The purchase of shares constitutes the purchase of a company’s operating business, but none of the existing contracts with the company change. If a shareholder sells their shares in a company, then they achieve a complete break in the relationship between them and the target business. The buyer, however, will insist upon some contractual promises about the company (warranties) which will continue to bind the shareholder after the sale.
A typical Share purchase agreement will deal with the following matters:
Selling the shares
Once the shares in the target business have been transferred, ownership will pass to the buyer. It is likely that the buyer will want to appoint new directors, auditors, etc. The buyer may also want to remove the current officers.
Warranties are contractual statements made by the seller on completion relating to the target business. They have two purposes:
to 'flush out' any information which the buyer ought to know and which could affect the value of the company, or even the buyer’s decision to buy the business
to give the buyer some comfort in the event that the business is not as the seller represented to them (eg the company may have some hidden problem or litigation)
While warranties are beneficial, the party giving them must be able to stand by them. When a buyer purchases shares, any warranties given by the seller are given by them personally. For more information, read Warranties in share purchase agreements.
Restrictive covenants prevent the seller from competing with the buyer for a limited time once the sale is finalised. They may include:
a non-competition clause that prevents the seller from setting up a business in competition with the buyer
a non-solicitation clause that prohibits the seller from soliciting the buyer’s customers or suppliers
On their face, restrictive covenants are particularly important for the buying party, as immediate competition by the seller could harm the new business or significantly impair it. The covenant in question must be no more than adequate to protect the business interest, the reasonableness of the duration or scope of any restraint being tied to the nature of the interest in question.
Advantages of SPAs
No third-party involvement
The buyer will step into the seller’s shoes as shareholder or director, however, the company’s employees, contracts and properties will remain in the company’s ownership. There is, therefore, no need for the assets of the company to be transferred, thus a share sale can often be completed without any third party involvement. A share purchase, therefore, is often a lot more discreet than an asset purchase.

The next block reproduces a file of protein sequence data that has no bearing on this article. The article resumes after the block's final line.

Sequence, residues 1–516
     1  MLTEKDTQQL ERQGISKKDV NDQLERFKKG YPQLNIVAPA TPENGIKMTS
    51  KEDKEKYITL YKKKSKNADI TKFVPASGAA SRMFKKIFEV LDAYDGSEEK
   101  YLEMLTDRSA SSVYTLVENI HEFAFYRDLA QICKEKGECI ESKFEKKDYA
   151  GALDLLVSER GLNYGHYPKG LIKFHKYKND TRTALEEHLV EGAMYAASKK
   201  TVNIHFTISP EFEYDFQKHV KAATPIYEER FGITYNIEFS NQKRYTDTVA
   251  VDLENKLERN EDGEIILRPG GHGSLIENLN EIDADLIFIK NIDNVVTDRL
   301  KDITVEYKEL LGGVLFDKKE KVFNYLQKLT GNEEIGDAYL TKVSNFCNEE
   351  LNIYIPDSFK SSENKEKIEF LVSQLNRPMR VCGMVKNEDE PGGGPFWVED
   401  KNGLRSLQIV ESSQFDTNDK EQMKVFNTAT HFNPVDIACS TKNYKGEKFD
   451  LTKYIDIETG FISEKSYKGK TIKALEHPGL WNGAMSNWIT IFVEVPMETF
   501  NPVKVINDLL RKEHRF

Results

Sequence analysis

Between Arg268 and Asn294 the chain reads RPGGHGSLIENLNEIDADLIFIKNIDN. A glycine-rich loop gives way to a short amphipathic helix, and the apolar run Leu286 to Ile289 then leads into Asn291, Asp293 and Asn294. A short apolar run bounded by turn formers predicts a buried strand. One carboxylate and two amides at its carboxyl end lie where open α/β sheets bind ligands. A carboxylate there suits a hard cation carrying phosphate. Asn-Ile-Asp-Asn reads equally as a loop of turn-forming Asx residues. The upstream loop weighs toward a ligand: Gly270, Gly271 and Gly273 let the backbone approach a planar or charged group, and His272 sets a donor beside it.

No liability for debts
At completion, the seller of shares will have no liability for the debts of the business, which become the responsibility of the new owners. This is because a company has a separate legal personality from its directors and shareholders. By comparison, if there is an asset sale, then, with a few exceptions (eg employees), the seller will keep all the current liabilities of the business, unless he can negotiate with the buyer to take them over with the business.
Disadvantages of SPAs
Inheriting outstanding problems
The buyer will inherit the seller’s company, which means they will also inherit any problems (eg outstanding tax bills) that exist at the date of the sale.
Because the buyer inherits a company, the share purchase generally involves far greater risk than an asset purchase. This justifies the inclusion of warranties, which are necessary to protect the buyer. For more information, read Warranties in share purchase agreements.
Following completion (ie the singing of the agreement), there are a few steps the buyer will need to take:
payment of stamp duty
filing notices of directors’, secretaries’ and auditors’ appointments and resignations at Companies House and
integration of the target company into the buyer’s group (including VAT, payroll, etc)
A share purchase agreement itself is a private document and there is no requirement to file it with Companies House. However, you should notify Companies House of the change of share ownership in the target company’s next annual return.